Bulk iridium (Ir polycrystal) was purchase from ACI Alloy (Cylindrical type, 1/4″ diameter, 1/4″ height, and 99.99% purity), and surface of bulk metal was polished with alumina powders and sandpaper. Surface of Ir polycrystal was annealed in Ar-3%H2 for 1 min at 800°C using Ambrell induction heating system. IrNiOs thin film were prepared on bulk Ir using chemical solution deposition method. Metal precursor including iridium chloride hydrate (Alfa Aesar, 99.9%), nickel chloride hydrate (Alfa Aesar, 99.9%), and osmium chloride hydrate (Alfa Aesar, 99.9%) were employed to prepare thin film. Each solution was prepared 0.1M using distilled water (Aqua ma, water purification system). Ir, Ni, and Os solutions were loaded on Ir polycrystal, then it was dried in oven at 60°C for the preparation of thin film electrode. Subsequently, Ir, Ni, and Os coated on Ir polycrystal was annealed to form alloy using an induction heater (AMBRELL, HOTSHOT 2 Ext.FF V4) at 700°C for 70 s under Ar/H2 flow (5% hydrogen). Ar purged deionized-water droplet was put onto the surface of thin film to prevent the oxidation of the thin film surface during moving it into the measuring cell after manufacturing of the alloyed IrNiOs electrode. Os was de-alloyed from IrNiOs alloys for the preparation of nanoporous IrNi catalysts (dtf-IrNiOs). Os de-alloying process was carried out with applying the constant current (1 mA cm−2) for 100 min (6000 s) using chronopotentiometry (CP). After 100 min dealloying, the stability of dtf-IrNiOs was measured via 30 min de-alloying process. Concentration of dissolved metal ions during de-alloying process and the stability test of dtf-IrNiOs after de-alloying process was determined by an Inductively Coupled Plasma-Mass Spectrometer (ICP-MS, Thermofisher Scientific iCAP Q ICP-MS).

2.2. Instruments

The morphology of the catalysts was observed by SEM (Carl zeiss, SUPRA 25 model) at acceleration voltage of 20 kV and resolution of 10K −50 K. The crystalline structures were characterized using X-ray diffraction (Pohang Accelerator Laboratory, Pohang Accelerator Laboratory) at a scan rate of 2° min−1. Oxidation states of dtf-IrOs, dtf-IrNiOs and IrOx nanoparticles before and after sputtering were analyzed using synchrotron XPS (Pohang Accelerator Laboratory, 8A2 beam line, HR-PES 2). ICP-MS was characterized by Thermofisher Scientific iCAP Q ICP-MS.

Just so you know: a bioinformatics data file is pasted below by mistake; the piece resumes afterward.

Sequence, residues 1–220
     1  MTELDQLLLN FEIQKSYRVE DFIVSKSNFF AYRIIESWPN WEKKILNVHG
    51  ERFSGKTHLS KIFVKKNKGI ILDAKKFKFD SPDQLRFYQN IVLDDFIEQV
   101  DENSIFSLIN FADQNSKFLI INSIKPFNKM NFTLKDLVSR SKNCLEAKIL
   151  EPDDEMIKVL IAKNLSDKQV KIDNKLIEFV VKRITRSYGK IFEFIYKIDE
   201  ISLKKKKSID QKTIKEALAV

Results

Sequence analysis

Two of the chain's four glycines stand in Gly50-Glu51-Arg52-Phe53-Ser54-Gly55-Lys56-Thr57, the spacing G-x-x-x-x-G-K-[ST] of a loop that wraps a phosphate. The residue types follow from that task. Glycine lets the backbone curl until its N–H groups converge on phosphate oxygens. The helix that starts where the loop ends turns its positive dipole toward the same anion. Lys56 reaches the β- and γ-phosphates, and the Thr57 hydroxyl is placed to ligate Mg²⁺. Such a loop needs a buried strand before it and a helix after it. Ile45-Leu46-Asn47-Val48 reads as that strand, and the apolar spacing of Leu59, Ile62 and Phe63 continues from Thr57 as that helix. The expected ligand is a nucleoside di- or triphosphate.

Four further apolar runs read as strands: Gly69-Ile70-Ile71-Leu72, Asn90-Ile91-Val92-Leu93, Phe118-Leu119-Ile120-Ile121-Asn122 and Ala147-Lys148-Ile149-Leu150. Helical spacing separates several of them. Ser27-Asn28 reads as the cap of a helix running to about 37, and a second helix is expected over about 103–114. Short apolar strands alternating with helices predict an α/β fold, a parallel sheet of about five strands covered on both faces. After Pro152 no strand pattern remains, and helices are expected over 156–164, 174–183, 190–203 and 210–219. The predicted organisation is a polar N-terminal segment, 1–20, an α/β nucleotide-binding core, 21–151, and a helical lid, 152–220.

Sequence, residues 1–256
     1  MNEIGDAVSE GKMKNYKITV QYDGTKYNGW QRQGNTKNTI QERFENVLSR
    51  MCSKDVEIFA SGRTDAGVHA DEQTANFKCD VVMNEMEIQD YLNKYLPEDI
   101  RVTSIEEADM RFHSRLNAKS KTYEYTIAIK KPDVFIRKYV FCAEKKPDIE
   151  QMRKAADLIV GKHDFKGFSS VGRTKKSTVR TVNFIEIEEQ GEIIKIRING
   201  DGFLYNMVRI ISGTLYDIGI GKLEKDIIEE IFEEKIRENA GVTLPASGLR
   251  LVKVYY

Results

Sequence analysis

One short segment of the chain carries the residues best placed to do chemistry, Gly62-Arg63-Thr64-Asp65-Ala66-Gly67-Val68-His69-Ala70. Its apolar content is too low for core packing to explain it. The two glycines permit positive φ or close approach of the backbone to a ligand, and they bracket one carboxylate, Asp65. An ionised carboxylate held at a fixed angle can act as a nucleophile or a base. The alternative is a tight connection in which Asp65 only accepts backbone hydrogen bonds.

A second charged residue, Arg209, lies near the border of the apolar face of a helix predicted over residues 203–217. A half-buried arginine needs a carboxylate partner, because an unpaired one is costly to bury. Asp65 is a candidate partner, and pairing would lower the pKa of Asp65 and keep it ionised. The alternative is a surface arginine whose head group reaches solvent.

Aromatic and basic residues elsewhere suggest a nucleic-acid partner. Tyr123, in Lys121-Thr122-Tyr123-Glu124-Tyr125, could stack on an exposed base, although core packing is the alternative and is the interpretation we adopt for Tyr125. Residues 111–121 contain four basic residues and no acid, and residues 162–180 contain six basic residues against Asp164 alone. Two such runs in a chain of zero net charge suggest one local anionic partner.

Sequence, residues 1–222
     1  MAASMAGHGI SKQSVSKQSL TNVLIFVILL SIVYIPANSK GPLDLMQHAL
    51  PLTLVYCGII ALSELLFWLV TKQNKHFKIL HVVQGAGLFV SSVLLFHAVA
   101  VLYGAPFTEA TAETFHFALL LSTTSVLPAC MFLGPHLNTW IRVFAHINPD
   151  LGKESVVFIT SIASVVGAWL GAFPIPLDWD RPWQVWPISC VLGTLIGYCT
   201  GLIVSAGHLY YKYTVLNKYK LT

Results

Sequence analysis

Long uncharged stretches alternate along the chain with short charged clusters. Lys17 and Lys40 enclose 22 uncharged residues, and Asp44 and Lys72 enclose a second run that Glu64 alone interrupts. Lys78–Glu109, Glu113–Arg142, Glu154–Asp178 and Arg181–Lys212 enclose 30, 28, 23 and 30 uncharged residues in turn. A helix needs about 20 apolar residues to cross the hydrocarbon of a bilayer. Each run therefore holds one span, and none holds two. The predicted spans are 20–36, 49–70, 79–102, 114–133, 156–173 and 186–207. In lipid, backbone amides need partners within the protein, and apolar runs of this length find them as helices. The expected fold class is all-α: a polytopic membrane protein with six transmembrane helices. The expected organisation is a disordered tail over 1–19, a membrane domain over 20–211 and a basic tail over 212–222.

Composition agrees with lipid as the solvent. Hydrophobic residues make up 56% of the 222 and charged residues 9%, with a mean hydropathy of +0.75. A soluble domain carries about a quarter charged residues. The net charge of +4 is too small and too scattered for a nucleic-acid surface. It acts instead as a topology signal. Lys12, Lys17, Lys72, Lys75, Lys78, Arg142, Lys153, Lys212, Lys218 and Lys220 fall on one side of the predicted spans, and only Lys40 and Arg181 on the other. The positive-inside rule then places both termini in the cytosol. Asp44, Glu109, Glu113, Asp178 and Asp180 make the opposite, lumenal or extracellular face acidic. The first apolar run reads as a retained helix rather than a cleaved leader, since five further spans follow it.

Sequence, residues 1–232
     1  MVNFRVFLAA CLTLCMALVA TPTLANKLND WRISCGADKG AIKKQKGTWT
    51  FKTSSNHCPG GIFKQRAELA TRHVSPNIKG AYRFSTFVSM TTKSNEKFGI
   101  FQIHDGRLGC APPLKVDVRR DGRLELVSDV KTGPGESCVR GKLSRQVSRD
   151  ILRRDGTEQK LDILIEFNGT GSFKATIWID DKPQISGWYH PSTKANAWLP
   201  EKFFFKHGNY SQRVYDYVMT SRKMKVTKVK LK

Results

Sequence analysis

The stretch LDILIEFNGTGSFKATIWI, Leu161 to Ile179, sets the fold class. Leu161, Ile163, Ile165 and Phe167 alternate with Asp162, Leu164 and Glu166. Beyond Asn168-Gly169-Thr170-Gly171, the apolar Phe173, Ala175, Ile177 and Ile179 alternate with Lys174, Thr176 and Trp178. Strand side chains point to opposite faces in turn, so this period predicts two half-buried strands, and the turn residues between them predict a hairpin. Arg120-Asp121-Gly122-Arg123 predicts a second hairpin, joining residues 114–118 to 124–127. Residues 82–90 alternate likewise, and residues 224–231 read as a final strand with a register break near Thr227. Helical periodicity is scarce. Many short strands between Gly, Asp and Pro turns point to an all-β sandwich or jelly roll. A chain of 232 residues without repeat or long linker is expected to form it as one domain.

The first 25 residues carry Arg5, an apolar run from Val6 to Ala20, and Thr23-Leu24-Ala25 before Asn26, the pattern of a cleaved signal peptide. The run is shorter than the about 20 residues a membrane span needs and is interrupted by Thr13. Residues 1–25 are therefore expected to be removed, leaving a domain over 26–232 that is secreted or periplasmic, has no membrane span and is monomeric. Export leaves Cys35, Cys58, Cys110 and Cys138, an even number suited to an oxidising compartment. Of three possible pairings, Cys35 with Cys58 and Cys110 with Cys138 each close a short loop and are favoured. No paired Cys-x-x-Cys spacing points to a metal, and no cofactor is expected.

2.3 Electrochemical measurements for OER

Oxygen evolution reaction (OER) was performed at room temperature in a three electrodes system employing a potentiostat (Biologic VSP). Ag/AgCl and a platinum wire (0.4 mm, Alfa Aesar) were used as reference and counter electrodes. The potential was calibrated using the reversible hydrogen electrode (RHE). The electrolyte (0.1M HClO4) was purged with Ar before and during electrochemical measurements. Cyclic voltammetry (CV) was conducted in the potential range of 0.05–1.2 V (vs RHE) at the scan rate of 50 mV s−1. The OER measurements were performed in the range of 0.05–1.8 V (vs RHE) at the scan rate of 10 mV s−1. The rotation speed of rotating disk electrode was 1600 rpm. IR-corrected potential was adopted to all electrochemical data.

3. Results and Discussion

Nanoporous Ir and IrNi thin film catalysts (dtf-IrOs and dtf-IrNiOs) were produced using electrochemical de-alloying in acid media. During preparation of dtf-IrOs and dtf-IrNiOs, dissolving of Os atoms at the surface results in the diffusional movement of surface Ir atoms toward the lower the surface energy. [32,33] It is expected to form a skeleton structure by the continuous Os dissolution during de-alloying process.
Table S1 shows the concentration of metal ions dissolved from the alloy during de-alloying, which has been determined using the ICP–MS. Os dissolution during the de-alloy process was much greater than that of Ni and Ir, where the concentration of Os ion dissolved during de-alloying process was 4750 ppb. The stability test after the Os de-alloying process showed that Os was dissolved in the highest concentration among the alloy metals, where the Os concentration was reduced by ~1% (from 4750 ppb to 55 ppb) for the stability test. Otherwise, Ir and Ni concentrations were reduced to ~0.1% (0.065 ppb from 17.242 ppb) and ~5% (14.950 ppb from 327.597ppb), respectively during the stability test after de-alloying. It indicates that dft-IrNiOs is sufficiently stable in the present experimental condition.
To further confirm the crystal structure before and after Os dissolution, X-ray diffraction (XRD) analysis was performed for the crystal structure and phase of catalysts. The XRD patterns of polycrystalline Ir, polycrystalline Ni, polycrystalline Os, tf-IrNiOs, and dtf-IrNiOs are shown in Fig. S1. The pattern of the polycrystalline Ir and Ni shows several peaks corresponding to (111), (200), (220), (311) and (111), (200), (311) planes at each 2 theta values, respectively, which assigns to the fcc structure. Polycrystalline Os shows peaks corresponding to (100), (002), (101), (102), 110), (103), (200), (112), and (201) planes, which assigns to the hcp structure. The patterns of tf-IrNiOs indicates the presence of Ir, Os and Ni crystal structure, however, dtf-IrNiOs shows only Ir and Ni crystals structure. It means that Os is almost fully dissolved during the de-alloying process. The SEM images of the surface of dtf-IrOs and dtf-IrNiOs were obtained to confirm morphology (Fig. 1). Both catalysts exhibited highly homogeneous and porous surface structures, where the pores are uniformly distributed over the entire films.